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Professional Services

The Natural Step – Sustainability Life Cycle Analysis

  • Feb, 08 2010
  • Industry Sector:Professional Services



The Natural Step has developed the Sustainability Life Cycle Assessment (SLCA) tool for assessing product sustainability. The SLCA can be described as tool that provides a strategic overview of the full scope of social and ecological sustainability at the product level. It results in an analysis – using colors instead of numbers – that allows the company to see the major impact of today’s product through the whole lifecycle in relation to principle requirements of sustainability.

Rationale Behind the SLCA Tool

Traditional assessments of sustainability often begin with a particular problem. This can lead to
incremental efforts to be ‘less bad’ with insufficient consideration of strategic pathways towards full
sustainability. The SLCA tool uses an alternative approach that defines system boundaries in relation to
the objective of sustainability. This encourages us to consider everything relevant to sustainability and
not just look for and assess the most visible or currently known impacts.

The key issue is to enable designers and decision makers to focus upon the sustainable development
potential of the product and thereby ‘design out’ unsustainable aspects throughout the whole life cycle.
The question we ask is: How can the product be developed to meet human needs in a sustainable society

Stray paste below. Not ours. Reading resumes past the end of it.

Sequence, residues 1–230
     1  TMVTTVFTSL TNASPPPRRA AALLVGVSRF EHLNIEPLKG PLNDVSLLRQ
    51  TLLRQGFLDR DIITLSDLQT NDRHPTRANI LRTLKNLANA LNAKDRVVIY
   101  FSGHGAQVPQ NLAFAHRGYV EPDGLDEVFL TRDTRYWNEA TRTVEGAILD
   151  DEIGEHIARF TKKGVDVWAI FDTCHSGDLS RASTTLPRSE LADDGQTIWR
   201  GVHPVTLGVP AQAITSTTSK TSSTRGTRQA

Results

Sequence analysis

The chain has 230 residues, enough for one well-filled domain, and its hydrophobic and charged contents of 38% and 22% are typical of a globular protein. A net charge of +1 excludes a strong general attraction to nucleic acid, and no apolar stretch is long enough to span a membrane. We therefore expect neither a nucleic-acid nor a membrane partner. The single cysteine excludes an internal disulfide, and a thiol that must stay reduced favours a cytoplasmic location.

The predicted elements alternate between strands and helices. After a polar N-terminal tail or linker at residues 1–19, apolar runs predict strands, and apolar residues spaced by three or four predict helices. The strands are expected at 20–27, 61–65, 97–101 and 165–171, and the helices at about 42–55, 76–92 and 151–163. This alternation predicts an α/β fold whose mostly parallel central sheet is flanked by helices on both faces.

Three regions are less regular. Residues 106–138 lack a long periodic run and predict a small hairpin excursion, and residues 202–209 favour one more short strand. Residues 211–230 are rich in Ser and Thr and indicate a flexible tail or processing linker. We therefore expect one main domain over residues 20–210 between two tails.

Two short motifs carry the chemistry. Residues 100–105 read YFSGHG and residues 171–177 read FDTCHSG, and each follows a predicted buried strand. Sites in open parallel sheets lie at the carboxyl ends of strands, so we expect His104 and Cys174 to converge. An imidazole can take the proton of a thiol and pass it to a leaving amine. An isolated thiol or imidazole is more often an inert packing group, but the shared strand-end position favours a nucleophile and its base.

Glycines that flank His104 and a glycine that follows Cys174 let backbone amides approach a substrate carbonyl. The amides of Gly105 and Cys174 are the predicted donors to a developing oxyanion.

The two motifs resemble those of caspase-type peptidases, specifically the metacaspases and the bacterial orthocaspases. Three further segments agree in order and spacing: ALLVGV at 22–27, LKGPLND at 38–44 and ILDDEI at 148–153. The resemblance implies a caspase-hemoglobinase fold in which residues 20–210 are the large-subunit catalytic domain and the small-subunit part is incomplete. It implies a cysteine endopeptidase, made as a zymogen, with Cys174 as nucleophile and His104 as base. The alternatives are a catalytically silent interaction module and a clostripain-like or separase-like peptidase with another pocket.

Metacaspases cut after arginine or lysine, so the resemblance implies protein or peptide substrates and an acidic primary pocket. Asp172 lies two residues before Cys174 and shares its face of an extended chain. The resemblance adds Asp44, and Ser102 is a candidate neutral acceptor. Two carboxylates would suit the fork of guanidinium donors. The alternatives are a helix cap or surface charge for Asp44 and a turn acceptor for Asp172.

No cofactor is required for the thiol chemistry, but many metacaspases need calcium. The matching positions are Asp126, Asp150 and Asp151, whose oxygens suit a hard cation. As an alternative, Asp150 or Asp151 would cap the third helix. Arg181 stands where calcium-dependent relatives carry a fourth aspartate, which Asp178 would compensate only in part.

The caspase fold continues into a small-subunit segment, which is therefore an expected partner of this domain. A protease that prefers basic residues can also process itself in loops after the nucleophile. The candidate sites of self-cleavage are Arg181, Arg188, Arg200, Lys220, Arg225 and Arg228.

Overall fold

while reducing the risk of societal violation of the basic sustainability principles?

How it Works

The SLCA analysis begins with an overview of the whole system, considering all issues in the lifecycle that
are in conflict with Basic Principles of Sustainability (the four system conditions described on page 3). A
series of questions are completed for each life cycle stage to assess adherence to the system conditions.
The results from the questions are displayed in a five by four matrix with colors assigned based on the
answers. The colors provide a visual clue to where sustainability ‘hotspots’ occur in the product life cycle.

Multiple Uses of the SLCA Tool

The SLCA can be used for different purposes including, assessment, education and communication,
depending on the needs of the user.


  • Assess on a product level the companies current impacts and current initiatives with respect to the
    TNS Framework